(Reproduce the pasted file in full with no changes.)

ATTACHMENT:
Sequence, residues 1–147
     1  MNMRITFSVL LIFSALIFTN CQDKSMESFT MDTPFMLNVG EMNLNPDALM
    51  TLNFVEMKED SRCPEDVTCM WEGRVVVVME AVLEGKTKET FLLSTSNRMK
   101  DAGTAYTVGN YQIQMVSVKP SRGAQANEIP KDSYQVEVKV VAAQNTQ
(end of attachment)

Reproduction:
Sequence, residues 1–147
     1  MNMRITFSVL LIFSALIFTN CQDKSMESFT MDTPFMLNVG EMNLNPDALM
    51  TLNFVEMKED SRCPEDVTCM WEGRVVVVME AVLEGKTKET FLLSTSNRMK
   101  DAGTAYTVGN YQIQMVSVKP SRGAQANEIP KDSYQVEVKV VAAQNTQ